Oct 14, 2019

Written By Alison Collins and Tuula Petersen

Building a law CV

Oct 14, 2019

Written By Alison Collins and Tuula Petersen

Your CV is a key document for landing your ideal job. Although there is no “correct” way of writing a CV, there is nonetheless a recommended method to have in mind when you go about writing it.

Why do you need a CV?

A CV is an essential component for any prospective work application. Not only is a CV very useful as a personal tool to clearly outline your previous experience, but most career-related opportunities will also require you to submit your CV. 

As a law student, your CV will most likely be used for informal work experience, such as applying to pro bono work, or an application for a training contract at a high-street law firm. If you are applying for vacation schemes, training contracts or pupillages at large law firms, you will probably be exempt from uploading your CV because they will use a standardised application form. But you’ll still use elements of your CV to fill out those forms, so it’s good practice to have an up-to-date CV anyway. 

What to include in your law CV

Contact details: you should include this at the top of your CV to ensure the recruiters are able to contact you easily.

- Brief summary: it is prudent to include a concise profile that states your achievements and your current position.

- Education: list and date all previous academic qualifications, placing the most recent first.

- Professional experience: include any previous work experience, and be sure to prioritise any legal work experience.

- Relevant experience: this section can be dedicated to any experience you have accumulated that is not work-related, such as being on the committee of the law society or any voluntary work.

- Skills and achievements: make sure to include any additional languages you are able to speak, as well as any hard skills you have worked on—for example, your proficiency and understanding of an IT package.   

- Interests: use this section with caution. If you choose to include your hobbies and interests, think about what image this will potentially convey. If you claim to be a team player on your CV, but your hobbies include walking your dog and spending time by yourself, this may raise some questions. However, this section may prove to be an excellent ice-breaker during an interview, as your interviewers may start a conversation around one of your hobbies to relieve any initial stress.

Writing a good CV

- Target your CV specifically to the job and law firm you’re applying to. Generic CVs do not stand out and won’t get employers’ attention. Research the employer by looking at their website, any press releases they’ve put out and their social media to ensure your CV is tailored to the company and the job.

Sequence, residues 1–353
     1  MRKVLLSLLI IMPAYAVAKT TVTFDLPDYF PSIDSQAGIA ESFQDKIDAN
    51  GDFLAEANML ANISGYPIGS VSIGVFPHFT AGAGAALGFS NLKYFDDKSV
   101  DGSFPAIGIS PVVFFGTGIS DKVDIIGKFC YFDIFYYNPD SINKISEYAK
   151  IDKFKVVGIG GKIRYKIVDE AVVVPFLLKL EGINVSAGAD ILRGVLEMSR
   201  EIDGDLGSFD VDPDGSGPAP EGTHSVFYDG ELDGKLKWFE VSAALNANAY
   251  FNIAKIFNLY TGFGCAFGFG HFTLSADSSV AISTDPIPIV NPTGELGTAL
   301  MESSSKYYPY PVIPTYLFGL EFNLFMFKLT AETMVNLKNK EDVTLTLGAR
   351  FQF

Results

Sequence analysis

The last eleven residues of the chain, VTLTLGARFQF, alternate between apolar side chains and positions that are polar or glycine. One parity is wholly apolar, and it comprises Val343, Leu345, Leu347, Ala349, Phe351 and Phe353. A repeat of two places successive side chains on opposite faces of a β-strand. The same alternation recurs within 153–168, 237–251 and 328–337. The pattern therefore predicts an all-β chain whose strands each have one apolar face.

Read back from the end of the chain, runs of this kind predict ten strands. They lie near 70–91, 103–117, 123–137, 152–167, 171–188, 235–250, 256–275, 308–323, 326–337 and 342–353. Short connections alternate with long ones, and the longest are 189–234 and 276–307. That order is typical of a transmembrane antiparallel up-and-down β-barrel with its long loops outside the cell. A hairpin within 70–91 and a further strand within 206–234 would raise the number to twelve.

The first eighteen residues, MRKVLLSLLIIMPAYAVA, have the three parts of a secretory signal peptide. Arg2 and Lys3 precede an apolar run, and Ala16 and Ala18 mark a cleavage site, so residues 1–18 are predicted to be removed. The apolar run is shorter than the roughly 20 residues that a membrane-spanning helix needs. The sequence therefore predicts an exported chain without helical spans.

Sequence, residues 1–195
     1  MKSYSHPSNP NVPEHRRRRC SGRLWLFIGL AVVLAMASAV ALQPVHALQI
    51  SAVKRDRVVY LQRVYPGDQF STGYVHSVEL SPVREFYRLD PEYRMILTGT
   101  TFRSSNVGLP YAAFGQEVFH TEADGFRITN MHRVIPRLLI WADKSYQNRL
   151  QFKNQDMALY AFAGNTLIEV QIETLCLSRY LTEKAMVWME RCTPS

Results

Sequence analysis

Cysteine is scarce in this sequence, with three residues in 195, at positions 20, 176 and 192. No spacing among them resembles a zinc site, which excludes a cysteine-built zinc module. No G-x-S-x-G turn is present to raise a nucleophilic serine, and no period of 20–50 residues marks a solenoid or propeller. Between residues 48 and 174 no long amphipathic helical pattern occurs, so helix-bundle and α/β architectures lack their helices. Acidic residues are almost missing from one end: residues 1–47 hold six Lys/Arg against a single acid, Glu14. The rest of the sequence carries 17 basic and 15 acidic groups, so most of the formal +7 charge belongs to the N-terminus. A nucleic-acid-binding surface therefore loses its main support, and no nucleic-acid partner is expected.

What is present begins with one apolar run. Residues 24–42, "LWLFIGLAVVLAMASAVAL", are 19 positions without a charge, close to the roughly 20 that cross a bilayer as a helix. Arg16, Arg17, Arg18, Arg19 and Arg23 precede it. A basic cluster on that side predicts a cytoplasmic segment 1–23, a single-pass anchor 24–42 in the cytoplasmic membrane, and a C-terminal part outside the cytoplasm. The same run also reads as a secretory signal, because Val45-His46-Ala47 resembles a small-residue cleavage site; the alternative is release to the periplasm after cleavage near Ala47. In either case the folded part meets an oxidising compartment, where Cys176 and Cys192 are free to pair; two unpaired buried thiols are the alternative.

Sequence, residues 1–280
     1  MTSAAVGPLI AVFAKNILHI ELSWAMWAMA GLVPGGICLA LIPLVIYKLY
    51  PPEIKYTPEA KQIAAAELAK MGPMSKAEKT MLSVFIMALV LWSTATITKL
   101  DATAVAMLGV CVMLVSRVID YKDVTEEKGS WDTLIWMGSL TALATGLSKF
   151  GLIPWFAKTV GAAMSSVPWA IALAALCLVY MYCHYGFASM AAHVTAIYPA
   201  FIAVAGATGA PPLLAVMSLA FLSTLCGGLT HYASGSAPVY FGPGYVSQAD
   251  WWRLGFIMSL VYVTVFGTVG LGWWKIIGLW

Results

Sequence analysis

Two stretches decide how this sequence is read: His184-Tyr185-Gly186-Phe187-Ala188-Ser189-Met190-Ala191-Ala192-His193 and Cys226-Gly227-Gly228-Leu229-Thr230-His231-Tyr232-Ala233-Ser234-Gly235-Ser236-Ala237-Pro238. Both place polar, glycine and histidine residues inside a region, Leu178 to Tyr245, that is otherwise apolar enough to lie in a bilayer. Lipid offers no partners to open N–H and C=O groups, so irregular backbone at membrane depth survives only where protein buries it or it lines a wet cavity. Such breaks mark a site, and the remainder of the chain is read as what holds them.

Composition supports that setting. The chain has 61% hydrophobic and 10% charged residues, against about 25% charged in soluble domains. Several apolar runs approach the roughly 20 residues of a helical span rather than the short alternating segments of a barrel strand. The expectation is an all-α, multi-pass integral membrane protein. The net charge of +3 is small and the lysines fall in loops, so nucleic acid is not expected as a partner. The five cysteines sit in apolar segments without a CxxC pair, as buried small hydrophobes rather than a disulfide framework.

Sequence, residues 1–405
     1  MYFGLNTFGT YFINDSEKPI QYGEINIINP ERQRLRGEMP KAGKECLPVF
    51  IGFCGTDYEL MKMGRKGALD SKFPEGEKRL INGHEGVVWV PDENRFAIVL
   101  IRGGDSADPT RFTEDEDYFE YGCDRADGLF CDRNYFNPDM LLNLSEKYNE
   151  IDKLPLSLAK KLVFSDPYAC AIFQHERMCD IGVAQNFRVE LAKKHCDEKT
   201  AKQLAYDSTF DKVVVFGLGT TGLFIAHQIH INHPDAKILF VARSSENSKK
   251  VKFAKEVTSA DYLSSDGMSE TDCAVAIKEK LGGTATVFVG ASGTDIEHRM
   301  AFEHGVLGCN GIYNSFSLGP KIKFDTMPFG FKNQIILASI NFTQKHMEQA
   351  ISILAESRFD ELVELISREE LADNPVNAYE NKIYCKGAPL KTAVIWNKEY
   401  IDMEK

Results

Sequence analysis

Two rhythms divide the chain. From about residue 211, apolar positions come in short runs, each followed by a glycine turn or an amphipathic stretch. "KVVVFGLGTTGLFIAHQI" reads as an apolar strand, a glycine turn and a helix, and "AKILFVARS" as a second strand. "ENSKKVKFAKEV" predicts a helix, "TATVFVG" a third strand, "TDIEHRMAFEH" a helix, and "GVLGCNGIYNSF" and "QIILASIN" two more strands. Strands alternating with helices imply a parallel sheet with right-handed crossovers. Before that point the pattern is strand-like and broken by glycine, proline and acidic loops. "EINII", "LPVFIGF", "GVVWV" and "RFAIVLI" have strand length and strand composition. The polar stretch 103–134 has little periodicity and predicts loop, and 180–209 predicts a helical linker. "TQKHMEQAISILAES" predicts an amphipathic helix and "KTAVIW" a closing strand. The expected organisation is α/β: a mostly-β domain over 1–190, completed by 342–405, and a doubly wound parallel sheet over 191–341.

- Keep the information relevant. The employer is not interested in your entire life story, so only include experience and skills relevant to the job

- Be clear and concise. Avoid generic terms such as “multi-tasker” and “team player”, and aim to provide real-life examples that demonstrate these skills.

- Check your presentation! Spelling and grammatical mistakes or poor layout make a bad first impression. Many employers will screen CVs on spelling and grammatical errors; too many and your CV may not pass the first round. Use fonts that are clear, easy-to-read and professional such as Times New Roman or Calibri, and include text no smaller than size 10. It is worth including subheadings to make your CV easy to navigate. 

- Aim to use active words such as coordinated, implemented or reconciled when referring to any skills you have acquired as a result of previous work experience. This will help to convey strong initiative and a proactive mindset.

- You should always include a cover letter, unless stated otherwise. This will personalise your application and enable you to draw attention to specific areas of your CV. 

What to leave out...

- Don't write too much or too little. Your CV should be no longer than two sides of A4 and should use bullet points to present information, such as the duties you performed in previous jobs. Overlong CVs or those with large blocks of text are very off-putting to the reader.

- Don't lie!  It sounds obvious, but it’s really important to be as truthful as possible on your CV. If ever the truth emerges, you will come across as dishonest and it could cost you the job if you’ve already started to work.

- You don't need to write “CV” or “Curriculum Vitae” at the top. It’s obvious what the document is (you wouldn’t write “A Letter” at the top of a letter), so put your name at the top instead.

Now that you've brushed up the CV, head over to our Law Jobs section to put it to work!

Next article: How to write a cover letter for law



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